Daniel was three and a half years old with an infectious smile and inquisitive nature. He lived with his parents, Michael and Karen, in the apartment directly below me. After gaining his confidence we became friends and although I was some 20 years older than him, Daniel would always take time out of his busy day to say hello and speak to me for a little while. One day I happened to be outside when he rode up to me on his big wheel, a brightly colored plastic tricycle.
“Hi, what’cha doin’?” Daniel said, his standard opening.
“Hey Daniel, I’m cleaning out my car, what are you doing?” I said.
“Riding my big wheel,” he said.
“I see that,” I said. “Are you pretty good on that thing?”
“I’m the best!” Daniel exclaimed with all the unbridled confidence of youth.
I crouched down beside him. “Really…can you do any tricks on it?” I asked. He nodded matter-of-factly.
“What can you do?” I prodded.
Daniel furrowed his brow deep in thought before finally asking, “You see that telephone pole over there?”
“Yes,” I said.
“I can ride up that telephone pole and down the other side,” he said.
“Wow,” I exclaimed raising my eyebrows. “Are you telling me that you can ride your big wheel all the way to the top of that telephone pole and down the other side without falling off?”
“Yep,” he said, “that’s what I’m saying.”
We both stared at the pole for a moment before I spoke. “I would love to see that, Daniel, could you do that for me?”
Daniel got very quiet. He stared intently at the telephone pole and then down at his big wheel. He looked back at the pole and then finally up at me.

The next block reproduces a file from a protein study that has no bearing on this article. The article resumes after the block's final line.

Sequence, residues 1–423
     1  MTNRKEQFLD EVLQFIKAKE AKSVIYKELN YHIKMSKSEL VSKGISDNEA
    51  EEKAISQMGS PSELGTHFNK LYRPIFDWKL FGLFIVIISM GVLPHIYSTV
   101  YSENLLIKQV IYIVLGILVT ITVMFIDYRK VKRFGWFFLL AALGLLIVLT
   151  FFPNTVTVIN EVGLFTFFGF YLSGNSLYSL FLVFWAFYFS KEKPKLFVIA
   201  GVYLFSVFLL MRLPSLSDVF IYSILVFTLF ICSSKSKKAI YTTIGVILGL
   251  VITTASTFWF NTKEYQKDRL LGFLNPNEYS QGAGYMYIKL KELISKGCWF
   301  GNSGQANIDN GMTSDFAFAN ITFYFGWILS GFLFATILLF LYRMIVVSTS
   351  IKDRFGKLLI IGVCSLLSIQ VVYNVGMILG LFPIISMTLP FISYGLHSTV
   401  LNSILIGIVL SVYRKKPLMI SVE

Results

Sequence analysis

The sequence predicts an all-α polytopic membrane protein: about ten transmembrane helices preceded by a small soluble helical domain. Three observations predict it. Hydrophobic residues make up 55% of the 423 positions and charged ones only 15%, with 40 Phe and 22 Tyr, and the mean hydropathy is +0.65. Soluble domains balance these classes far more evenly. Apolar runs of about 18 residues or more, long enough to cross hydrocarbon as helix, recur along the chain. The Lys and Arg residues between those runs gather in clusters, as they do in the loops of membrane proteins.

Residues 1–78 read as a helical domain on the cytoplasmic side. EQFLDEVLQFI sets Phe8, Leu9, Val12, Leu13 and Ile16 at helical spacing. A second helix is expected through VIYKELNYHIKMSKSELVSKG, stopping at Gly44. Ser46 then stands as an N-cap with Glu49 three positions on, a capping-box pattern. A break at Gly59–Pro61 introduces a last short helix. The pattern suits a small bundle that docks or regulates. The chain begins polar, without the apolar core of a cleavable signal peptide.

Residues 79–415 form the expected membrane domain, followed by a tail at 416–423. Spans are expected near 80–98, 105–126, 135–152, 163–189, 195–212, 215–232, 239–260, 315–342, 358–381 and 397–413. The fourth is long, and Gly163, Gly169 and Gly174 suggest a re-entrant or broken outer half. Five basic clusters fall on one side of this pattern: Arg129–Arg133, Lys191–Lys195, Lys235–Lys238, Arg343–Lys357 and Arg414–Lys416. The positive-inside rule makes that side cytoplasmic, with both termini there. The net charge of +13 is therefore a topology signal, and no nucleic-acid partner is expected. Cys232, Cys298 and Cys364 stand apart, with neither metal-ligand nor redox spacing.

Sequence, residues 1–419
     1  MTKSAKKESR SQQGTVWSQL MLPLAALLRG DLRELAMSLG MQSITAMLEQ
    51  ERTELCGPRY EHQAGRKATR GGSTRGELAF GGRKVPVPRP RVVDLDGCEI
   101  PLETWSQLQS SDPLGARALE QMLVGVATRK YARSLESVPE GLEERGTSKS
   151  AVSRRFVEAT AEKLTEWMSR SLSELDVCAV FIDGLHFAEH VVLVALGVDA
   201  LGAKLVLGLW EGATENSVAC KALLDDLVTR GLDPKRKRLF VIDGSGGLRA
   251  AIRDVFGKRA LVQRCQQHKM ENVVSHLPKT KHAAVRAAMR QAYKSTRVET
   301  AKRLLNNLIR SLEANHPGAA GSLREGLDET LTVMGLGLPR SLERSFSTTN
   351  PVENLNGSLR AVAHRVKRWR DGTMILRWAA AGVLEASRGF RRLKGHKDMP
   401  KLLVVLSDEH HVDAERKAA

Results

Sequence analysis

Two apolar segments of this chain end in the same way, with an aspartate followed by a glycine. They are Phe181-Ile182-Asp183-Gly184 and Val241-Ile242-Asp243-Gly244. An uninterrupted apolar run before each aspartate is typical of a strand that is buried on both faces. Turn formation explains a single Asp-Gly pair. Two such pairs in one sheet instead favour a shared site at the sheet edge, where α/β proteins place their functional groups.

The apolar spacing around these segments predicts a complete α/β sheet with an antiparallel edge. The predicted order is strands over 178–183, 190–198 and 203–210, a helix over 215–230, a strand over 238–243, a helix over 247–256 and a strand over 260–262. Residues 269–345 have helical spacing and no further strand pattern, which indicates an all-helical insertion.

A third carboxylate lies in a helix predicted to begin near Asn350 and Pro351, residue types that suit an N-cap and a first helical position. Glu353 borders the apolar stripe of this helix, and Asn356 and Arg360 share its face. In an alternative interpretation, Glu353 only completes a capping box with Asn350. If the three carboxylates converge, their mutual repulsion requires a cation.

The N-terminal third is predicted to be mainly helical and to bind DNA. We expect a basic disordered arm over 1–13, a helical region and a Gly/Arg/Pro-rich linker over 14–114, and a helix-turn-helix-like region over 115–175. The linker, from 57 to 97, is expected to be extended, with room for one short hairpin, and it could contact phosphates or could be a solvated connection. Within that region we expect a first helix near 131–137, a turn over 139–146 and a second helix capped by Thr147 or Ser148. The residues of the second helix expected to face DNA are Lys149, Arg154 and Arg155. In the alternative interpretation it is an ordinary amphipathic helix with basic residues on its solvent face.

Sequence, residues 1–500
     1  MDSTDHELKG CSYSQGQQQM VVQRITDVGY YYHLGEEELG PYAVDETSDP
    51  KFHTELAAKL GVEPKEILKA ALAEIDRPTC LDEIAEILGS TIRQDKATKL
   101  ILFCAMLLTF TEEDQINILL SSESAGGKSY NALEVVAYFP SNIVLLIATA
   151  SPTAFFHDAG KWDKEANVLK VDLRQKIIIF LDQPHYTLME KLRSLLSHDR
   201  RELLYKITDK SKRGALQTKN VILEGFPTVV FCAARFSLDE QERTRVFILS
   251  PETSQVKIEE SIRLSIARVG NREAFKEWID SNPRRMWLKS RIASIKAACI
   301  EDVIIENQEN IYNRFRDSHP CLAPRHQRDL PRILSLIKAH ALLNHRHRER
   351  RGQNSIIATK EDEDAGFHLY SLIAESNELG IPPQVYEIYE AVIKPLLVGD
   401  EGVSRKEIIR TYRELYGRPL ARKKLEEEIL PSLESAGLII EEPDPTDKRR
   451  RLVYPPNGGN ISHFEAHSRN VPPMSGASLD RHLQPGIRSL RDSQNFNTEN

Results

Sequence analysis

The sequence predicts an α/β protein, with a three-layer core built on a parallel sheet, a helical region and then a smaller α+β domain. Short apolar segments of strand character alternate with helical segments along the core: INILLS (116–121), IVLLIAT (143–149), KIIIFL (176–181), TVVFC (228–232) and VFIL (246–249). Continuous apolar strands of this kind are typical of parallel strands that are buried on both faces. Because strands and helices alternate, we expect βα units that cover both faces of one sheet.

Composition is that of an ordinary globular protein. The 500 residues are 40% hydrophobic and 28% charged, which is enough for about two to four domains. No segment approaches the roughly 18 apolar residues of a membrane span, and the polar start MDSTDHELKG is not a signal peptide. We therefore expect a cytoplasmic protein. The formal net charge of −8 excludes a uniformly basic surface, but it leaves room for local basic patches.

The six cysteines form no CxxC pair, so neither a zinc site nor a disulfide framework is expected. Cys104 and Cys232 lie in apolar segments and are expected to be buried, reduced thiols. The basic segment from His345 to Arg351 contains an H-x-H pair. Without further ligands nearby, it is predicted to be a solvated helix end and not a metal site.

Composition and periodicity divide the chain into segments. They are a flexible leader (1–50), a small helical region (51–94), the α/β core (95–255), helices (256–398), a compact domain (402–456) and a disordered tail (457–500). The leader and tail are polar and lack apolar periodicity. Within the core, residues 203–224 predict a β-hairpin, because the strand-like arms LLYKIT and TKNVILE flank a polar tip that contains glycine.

“Nah,” he said, “I’m tired of riding up that pole.”
Life is full of obstacles, some of our own making, and like my little friend Daniel, sometimes I just get plain tired of overcoming obstacles. That’s why God set aside a day for us to rest. He knew that we humans would be so busy scurrying around with our little plans and big dreams that we would need to stop and take time out to renew our strength and refresh our spirit. He thought it so important that he made it a commandment for us to rest even as He, himself, did on the seventh day. It’s a lesson that I, the product of a very successful workaholic father, have had a difficult time learning as I struggle to find a balance between work and rest.
The point was driven home to me as I was writing and arranging a piece of music one day. I placed a notation indicating a rest between two notes and realized that if those rests weren’t there, the notes would all run together and the melody would be lost in dissonance.
Hard work is, indeed, a virtue but in the symphony of life the rests are just as critical to purpose and order.
“Every person needs to take one day away. A day in which one consciously separates the past from the future. Jobs, family, employers, and friends can exist one day without any one of us, and if our egos permit us to confess, they could exist eternally in our absence. Each person deserves a day away in which no problems are confronted, no solutions searched for. Each of us needs to withdraw from the cares which will not withdraw from us.”